Cervical Cancer: Causes, Symptoms, Prevention and Treatments

Cervical cancer is cancer of the entrance to the uterus (womb). The cervix is the narrow part of the lower uterus, often referred to as the neck of the womb.

The American Cancer Society estimates that 12,990 diagnoses of cervical cancer will be made by the end of 2016 in the United States. Over 4,000 women in the U.S. die from cervical cancer each year.

According to the World Health Organization (WHO), if the HPV vaccine was administered globally, hundreds of thousands of lives could be saved each year.

Since the NHS (National Health Service) Cervical Screening Program began in 1988, the rate of women diagnosed with cervical cancer in the United Kingdom has halved from 16 per 100,000 in 1988 to 8 per 100,000.

Fast facts on cervical cancer

Here are some key points about cervical cancer. More detail and supporting information is in the main article.

  • Since cervical screening began in the U.K., cervical cancer rates have halved
  • In America, more than 11,000 women are diagnosed with invasive cervical cancer each year
  • Having many sexual partners or becoming sexually active early is a risk factor
  • Survival rates are good if cervical cancer is caught early
  • Symptoms include bleeding between periods and after sex

Causes of cervical cancer

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Around 70% of cervical cancer cases are caused by HPV.

Cancer is the result of the uncontrolled division of abnormal cells. Most of the cells in our body have a set lifespan; when they die, new cells are produced to replace them. Abnormal cells can have two problems:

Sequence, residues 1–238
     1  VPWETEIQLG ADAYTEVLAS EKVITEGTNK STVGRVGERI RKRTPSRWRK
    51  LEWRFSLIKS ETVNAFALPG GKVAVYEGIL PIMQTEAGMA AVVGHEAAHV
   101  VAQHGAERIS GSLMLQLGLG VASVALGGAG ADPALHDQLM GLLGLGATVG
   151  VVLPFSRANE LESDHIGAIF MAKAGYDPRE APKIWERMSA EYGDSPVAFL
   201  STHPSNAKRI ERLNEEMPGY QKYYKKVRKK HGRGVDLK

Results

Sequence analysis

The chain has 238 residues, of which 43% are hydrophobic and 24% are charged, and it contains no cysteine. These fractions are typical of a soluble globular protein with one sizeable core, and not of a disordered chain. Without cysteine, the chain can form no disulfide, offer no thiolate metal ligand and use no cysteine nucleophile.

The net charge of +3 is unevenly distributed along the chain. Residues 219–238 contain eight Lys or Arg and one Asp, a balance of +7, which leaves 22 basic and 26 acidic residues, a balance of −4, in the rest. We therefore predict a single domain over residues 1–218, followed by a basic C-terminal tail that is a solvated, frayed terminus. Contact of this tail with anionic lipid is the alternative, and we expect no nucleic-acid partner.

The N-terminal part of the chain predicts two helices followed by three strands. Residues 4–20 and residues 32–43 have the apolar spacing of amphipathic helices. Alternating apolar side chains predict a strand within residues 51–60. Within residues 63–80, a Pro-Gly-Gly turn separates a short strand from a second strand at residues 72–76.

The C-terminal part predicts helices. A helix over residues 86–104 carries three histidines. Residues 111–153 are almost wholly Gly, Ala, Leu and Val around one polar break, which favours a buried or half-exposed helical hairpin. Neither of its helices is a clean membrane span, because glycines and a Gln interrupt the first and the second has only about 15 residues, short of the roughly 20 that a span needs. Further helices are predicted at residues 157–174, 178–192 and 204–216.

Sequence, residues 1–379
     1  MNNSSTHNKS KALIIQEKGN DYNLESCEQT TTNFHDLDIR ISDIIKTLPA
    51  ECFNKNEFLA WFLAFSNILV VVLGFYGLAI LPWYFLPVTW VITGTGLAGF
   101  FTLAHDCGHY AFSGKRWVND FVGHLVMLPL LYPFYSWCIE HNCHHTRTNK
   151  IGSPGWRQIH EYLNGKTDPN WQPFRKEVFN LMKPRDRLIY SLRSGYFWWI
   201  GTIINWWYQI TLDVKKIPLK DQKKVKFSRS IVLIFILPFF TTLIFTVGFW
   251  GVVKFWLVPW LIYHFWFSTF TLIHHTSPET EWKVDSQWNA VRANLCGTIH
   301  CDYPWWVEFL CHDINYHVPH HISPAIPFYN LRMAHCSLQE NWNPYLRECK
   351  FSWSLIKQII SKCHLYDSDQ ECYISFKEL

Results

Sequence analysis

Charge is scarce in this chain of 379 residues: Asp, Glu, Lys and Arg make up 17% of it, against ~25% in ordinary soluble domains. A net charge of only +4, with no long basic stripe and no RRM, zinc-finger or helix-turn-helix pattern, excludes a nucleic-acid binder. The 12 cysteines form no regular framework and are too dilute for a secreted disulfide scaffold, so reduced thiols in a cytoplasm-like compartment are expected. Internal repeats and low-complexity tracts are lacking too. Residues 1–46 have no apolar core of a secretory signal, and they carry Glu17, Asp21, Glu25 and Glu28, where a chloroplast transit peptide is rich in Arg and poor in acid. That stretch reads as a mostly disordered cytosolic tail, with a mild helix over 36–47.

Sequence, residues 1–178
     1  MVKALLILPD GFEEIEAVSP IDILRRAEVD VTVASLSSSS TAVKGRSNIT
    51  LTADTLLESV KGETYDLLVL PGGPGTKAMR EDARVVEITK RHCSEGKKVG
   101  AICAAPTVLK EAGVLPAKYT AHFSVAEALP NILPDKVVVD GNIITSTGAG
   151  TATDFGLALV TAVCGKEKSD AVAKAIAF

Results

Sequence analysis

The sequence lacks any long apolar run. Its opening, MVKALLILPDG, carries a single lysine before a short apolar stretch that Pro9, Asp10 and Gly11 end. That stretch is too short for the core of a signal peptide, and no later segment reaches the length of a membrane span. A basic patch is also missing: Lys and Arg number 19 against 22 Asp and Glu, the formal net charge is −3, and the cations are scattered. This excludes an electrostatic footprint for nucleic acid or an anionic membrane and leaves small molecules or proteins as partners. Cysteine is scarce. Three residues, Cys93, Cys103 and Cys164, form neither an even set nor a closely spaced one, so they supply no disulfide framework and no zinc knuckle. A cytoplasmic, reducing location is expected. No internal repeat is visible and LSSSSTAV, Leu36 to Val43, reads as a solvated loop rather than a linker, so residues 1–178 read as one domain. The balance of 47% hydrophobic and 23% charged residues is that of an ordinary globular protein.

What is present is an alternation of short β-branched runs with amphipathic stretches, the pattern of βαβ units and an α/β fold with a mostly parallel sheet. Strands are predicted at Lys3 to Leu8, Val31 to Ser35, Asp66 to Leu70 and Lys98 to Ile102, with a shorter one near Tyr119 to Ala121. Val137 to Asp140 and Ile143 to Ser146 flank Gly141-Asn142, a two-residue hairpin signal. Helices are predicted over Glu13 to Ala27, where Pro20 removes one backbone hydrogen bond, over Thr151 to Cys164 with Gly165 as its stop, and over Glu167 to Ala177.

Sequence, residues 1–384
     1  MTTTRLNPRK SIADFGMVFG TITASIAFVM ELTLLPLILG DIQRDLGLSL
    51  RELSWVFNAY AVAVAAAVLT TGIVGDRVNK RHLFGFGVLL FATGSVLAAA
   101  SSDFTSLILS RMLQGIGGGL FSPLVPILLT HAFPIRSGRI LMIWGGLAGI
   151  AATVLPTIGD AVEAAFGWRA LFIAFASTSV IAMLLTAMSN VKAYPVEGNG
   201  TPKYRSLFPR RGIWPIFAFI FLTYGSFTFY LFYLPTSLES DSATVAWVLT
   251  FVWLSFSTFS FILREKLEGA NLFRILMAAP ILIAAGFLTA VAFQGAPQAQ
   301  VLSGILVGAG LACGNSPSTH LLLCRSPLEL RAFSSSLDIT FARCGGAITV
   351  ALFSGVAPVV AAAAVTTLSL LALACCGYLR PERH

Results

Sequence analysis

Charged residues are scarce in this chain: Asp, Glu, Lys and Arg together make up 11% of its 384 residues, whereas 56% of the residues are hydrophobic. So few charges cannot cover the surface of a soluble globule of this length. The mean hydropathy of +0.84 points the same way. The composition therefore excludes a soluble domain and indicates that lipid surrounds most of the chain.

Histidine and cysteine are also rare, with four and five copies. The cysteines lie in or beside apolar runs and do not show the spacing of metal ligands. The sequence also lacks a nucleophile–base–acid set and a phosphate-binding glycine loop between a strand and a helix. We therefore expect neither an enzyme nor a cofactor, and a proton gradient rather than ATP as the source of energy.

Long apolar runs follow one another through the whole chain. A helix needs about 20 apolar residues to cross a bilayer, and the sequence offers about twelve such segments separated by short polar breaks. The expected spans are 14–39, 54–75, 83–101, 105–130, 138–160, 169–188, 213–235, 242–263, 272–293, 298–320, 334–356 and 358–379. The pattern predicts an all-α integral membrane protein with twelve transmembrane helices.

1. They do not die
  2. They continue dividing

This results in an excessive accumulation of cells which eventually form a lump – a tumor. Scientists are not completely sure why cells become cancerous.

However, there are some risk factors which are known to increase the risk of developing cervical cancer. These risk factors include:

  • HPV (human papillomavirus): a sexually transmitted virus. There are over 100 different types of HPVs, at least 13 of which can cause cervical cancer.
  • Many sexual partners or becoming sexually active early: Cervical cancer-causing HPV types are nearly always transmitted as a result of sexual contact with an infected individual. Women who have had many sexual partners generally have a higher risk of becoming infected with HPV, which raises their risk of developing cervical cancer.
  • Smoking: increases the risk of developing many cancers, including cervical cancer.
  • Weakened immune system: such as those with HIV/AIDS, or transplant recipients taking immunosuppressive medications.
  • Long-term mental stress: Women who experience high levels of stress over a sustained period may be less able to fight off HPV.
  • Giving birth at a very young age: Women who gave birth before the age of 17 are significantly more likely to develop cervical cancer compared with women who had their first baby when they were aged 25 or over.
  • Several pregnancies: Women who have had at least three children in separate pregnancies are more likely to develop cervical cancer compared with women who never had children.
  • Contraceptive pill: Long-term use of some common contraceptive pills slightly raises a woman’s risk.
  • Other sexually transmitted diseases (STD): Women who become infected with chlamydia, gonorrhea, or syphilis have a higher risk of developing cervical cancer.